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Chicken Little: Don't Look Up! Look Down!

Jan. 20, 2024
CLARK'S REMARKS: Nope, the sky isn't falling. Vertical land motion is really what many of us need to worry about.

Turns out Chicken Little was wrong. The sky isn’t falling. The earth is sinking!

Just about two years ago in this space, I noted the nexus between sea level rise and the rate at which many coastal cities are sinking. Sea level rise, a frequent topic here, is a result of thermal expansion due to the warming sea water and the volume of water added by melting glaciers and ice sheets.

At the same time, there is also impact from vertical land motion (uplift and subsidence) on sea level rise. According to a study by a team of researchers from NASA’s Jet Propulsion Laboratory (JPL) and Rutgers University, published last September in Science Advances, the NYC metropolitan area subsided at an average rate of 0.06 in. (1.5 mm) per year, between 2016 and 2023. Some areas had even higher rates of vertical land motion, including the southern portion of Governors Island and sites near Coney Island and Arverne by the Sea in Queens, all areas built on various types of fill.

Significant subsidence was also noted in the Bayonne area of New Jersey – an area I previously noted as being at significant risk – and Riker’s Island, which has undergone landfilling.

Now a recent study by researchers at Virginia Tech’s Earth Observation & Innovation (EOI) Lab and a research geologist with the U.S. Geological Survey, published in January 2024 issue of PNAS Nexus, finds that more than 50% of infrastructures in major cities like New York, Baltimore, and Norfolk may have subsidence rates as high as 0.08 in. (2 mm) per year. The study also identified an additional nine metro areas affected by spatially variable land subsidence: Boston, MA; Providence, RI; New Haven, CT; Atlantic City, NJ; Wilmington, NC; Charleston, SC; Jacksonville, FL; and Miami, FL. Several areas in Atlantic City, Savannah, and Charleston were reported to be subsiding at rates faster than 0.16 in. (4 mm) per year!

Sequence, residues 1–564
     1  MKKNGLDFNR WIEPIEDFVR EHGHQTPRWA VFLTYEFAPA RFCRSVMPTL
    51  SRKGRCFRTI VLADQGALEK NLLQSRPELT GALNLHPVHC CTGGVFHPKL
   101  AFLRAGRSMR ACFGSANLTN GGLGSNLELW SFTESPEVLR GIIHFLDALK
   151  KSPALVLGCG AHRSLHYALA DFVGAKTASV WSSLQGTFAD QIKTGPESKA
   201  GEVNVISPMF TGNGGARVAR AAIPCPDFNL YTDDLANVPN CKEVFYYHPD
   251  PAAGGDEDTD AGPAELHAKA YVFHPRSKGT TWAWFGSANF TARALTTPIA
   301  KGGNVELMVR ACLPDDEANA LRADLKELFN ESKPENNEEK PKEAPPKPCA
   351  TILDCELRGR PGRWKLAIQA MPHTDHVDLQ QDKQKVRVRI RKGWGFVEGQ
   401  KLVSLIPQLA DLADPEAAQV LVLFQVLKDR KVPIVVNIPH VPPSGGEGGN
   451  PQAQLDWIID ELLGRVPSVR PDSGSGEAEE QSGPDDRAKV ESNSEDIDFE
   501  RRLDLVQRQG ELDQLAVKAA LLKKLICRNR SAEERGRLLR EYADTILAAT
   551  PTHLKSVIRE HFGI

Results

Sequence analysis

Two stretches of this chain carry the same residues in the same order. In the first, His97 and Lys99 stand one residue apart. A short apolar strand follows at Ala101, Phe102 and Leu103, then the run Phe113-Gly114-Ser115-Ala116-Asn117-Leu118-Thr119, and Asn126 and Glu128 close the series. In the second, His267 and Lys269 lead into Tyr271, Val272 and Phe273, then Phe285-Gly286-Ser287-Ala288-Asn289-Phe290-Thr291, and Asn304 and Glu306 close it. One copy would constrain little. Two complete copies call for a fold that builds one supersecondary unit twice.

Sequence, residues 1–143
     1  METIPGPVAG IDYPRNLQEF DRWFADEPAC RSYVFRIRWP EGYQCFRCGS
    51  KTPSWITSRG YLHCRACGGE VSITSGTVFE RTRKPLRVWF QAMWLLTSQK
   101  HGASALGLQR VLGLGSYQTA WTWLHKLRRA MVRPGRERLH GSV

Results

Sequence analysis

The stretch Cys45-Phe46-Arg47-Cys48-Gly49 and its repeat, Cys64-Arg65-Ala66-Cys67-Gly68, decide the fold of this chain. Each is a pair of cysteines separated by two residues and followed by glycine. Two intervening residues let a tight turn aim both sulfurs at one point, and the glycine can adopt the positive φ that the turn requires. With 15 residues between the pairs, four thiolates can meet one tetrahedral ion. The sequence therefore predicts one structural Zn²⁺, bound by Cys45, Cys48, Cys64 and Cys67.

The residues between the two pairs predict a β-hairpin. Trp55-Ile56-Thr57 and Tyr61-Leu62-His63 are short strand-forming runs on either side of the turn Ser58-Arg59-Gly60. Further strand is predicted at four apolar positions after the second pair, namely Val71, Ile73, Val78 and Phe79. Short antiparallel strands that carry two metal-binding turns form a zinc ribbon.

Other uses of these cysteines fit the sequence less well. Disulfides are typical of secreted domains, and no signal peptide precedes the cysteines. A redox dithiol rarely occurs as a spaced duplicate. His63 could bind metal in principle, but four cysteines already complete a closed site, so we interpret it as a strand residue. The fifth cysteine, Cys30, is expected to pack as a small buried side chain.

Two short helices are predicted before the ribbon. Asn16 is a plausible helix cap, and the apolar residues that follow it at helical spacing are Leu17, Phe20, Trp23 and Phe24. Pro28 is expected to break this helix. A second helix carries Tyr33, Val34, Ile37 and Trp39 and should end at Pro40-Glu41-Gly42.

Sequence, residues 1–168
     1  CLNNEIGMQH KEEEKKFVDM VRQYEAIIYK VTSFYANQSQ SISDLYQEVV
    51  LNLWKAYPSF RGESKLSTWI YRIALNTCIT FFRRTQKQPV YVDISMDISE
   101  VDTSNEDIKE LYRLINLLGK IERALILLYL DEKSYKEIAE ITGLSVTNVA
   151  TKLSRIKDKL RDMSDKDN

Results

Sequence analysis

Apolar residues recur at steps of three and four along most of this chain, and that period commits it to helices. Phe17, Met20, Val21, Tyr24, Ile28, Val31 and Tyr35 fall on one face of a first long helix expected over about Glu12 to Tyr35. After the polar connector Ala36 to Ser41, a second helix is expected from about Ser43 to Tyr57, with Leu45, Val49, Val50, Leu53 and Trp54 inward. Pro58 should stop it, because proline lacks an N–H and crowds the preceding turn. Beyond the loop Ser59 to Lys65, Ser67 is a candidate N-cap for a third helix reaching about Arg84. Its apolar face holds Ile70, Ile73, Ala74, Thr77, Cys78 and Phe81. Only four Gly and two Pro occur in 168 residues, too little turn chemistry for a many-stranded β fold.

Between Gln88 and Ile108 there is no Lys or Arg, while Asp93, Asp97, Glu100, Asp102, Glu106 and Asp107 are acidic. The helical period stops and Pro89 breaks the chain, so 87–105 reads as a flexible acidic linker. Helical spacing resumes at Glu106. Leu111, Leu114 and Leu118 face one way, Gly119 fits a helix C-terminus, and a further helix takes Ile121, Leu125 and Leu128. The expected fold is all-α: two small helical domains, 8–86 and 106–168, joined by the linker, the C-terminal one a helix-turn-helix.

Since, as the study notes, “the railway network density on the U.S. east coast is among the highest in the country, particularly in New England,” their railway system exposure analysis was notable. It showed “sinking on 81% to 99% of the railway systems (7,452 to 9,221 km out of 9,247 km) and 42% (11 out of 26) of train stations, with subsidence rates of >3 mm per year observed along 41 to 846 km stretch of railways on the U.S. east coast. The high density of underground railways (subways) in New York City increases the risk associated with the observed subsidence hazard in this region.”

The threats to infrastructure posed by vertical land motion, coupled with NOAA predicting sea level rise on the U.S. east coast of 10 to 12 in. (0.25 to 0.30 meters) by 2050, are stark reminders of the urgent need to accelerate our efforts at both adapting to, and mitigating the effects of, climate change. Are we up to the challenge?

A regular contributor to HPAC Engineering and a member of its editorial advisory board, the author is a principal at Sustainable Performance Solutions LLC, a south Florida-based engineering firm focusing on energy and sustainability. He can be reached at [email protected].